Facepalm Newsoids 34: The Mortality Edition

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Partier defies his own mortality with a hole in his head. In Brazil, 21 year-old Mateus Facio, a university student who had partied for four straight days, thought he was hit by a rock, but when he started losing control of his arms and fingers after waking up on the fifth day, he sought medical attention, and was told that he had a bullet lodged just under his skull. It was not serious enough to cause paralysis. The bullet has since been surgically removed and Mateus is expected to make a full recovery. (22 Jan)

The Fight For Less Government. Micheal Mohn, a federal employee working in Pennsylvania was beheaded with a machete at his home, with the murderer posting the aftermath including his decapitated head on YouTube, where the murderer had vowed to murder all government employees, and tried to appeal to right-wing extremists. The murderer happened to be his son, Justin Mohn, age 32, who has been in arrears with his student loans, but has been trying to sell a self-published book and some self-released music of his. Justin was charged with murder, the abuse of a corpse, and possession of an instrument of crime, and is being held without bail. The YouTube video was posted for 5 hours and received over 5000 views before it was taken down. (2 Feb)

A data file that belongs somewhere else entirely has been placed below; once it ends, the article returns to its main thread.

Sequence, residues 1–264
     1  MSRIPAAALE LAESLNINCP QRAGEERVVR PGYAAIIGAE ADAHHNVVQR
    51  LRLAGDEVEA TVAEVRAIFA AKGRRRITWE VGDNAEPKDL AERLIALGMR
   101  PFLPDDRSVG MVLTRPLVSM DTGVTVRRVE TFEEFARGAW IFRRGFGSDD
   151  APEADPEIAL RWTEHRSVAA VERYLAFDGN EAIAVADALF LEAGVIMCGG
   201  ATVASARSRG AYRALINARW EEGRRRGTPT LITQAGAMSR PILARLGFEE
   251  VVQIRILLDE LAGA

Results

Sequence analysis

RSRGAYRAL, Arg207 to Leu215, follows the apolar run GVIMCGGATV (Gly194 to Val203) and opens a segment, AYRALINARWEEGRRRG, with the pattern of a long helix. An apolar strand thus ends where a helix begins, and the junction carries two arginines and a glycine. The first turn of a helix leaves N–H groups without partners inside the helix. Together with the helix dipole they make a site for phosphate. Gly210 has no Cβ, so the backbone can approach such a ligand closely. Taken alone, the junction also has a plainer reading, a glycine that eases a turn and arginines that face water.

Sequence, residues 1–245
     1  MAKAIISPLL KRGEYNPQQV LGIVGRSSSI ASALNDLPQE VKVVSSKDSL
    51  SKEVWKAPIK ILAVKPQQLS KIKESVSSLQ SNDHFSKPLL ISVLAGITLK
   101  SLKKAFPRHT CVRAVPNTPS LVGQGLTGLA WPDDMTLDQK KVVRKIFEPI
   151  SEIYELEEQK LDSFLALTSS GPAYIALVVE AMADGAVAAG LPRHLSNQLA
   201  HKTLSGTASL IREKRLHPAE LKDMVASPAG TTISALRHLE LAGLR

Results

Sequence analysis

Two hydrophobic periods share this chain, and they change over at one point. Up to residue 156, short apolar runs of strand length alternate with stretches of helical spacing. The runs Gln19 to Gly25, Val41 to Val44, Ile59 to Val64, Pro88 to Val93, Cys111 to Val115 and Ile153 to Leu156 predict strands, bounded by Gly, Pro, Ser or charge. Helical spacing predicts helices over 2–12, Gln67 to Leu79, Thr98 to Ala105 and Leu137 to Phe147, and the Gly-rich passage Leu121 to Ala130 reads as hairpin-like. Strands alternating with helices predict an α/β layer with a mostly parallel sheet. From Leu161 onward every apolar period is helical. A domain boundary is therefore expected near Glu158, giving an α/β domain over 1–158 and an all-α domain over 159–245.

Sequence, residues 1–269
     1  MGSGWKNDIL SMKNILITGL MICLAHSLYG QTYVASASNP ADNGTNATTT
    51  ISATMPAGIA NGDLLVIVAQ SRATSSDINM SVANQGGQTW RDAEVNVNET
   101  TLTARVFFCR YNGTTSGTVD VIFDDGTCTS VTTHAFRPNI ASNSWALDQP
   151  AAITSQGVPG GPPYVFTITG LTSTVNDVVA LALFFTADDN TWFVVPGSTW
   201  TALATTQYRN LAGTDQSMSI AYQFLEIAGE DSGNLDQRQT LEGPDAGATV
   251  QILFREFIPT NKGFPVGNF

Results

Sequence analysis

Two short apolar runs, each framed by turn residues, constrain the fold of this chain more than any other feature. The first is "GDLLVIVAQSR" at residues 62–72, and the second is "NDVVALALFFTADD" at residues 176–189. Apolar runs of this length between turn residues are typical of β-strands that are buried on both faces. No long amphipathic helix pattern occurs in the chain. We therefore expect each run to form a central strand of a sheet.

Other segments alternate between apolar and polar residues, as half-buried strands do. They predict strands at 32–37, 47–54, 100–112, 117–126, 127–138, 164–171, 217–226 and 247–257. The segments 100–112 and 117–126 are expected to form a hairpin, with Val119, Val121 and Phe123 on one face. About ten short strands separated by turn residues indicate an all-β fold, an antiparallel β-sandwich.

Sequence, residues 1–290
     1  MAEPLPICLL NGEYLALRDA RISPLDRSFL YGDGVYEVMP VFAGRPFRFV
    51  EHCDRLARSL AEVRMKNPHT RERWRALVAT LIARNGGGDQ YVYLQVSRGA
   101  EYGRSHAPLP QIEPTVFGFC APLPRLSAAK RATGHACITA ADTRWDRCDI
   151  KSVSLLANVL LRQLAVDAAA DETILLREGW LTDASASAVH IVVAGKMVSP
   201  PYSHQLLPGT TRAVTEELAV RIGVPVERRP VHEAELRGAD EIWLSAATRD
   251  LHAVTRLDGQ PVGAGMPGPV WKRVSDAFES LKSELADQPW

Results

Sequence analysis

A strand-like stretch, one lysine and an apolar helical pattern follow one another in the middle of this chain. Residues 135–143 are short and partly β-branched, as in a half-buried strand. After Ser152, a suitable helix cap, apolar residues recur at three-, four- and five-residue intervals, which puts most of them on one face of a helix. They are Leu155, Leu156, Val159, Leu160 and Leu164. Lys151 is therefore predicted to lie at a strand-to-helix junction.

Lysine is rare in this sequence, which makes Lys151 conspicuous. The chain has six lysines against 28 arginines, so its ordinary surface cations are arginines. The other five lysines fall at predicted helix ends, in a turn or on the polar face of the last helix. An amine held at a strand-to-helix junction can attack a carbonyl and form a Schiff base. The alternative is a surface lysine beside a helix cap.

News from Death Row. The state of Alabama executed Kenneth Smith on January 25 using nitrogen gas. While it was said by officials that death would come in a few seconds, it actually took several minutes for him to die, while he suffered in the meantime. The American Veterinary Association does not recommend nitrogen hypoxia for euthanising mammals except under anaethesia, but Smith was given no such anaesthetic. The Alabama government tried and failed last year to execute Smith by lethal injection. Smith was given life imprisonment by a jury for a murder committed in 1988, but a judge overruled the jury to place him on death row, where he had been for  nearly 40 years. (1 Feb)

Killer Airbags.   over 61,000 Toyota and GM cars are being recalled because the inflatable airbags will tend to hurl pieces of metal “shrapnel” into the driver and passengers. These are generally for cars made in the early 2000s. In the case of the Corolla and Matrix, the airbags can suddenly inflate without an accident. So far, over 30 people had died due to the faulty airbags worldwide. (29 Jan)

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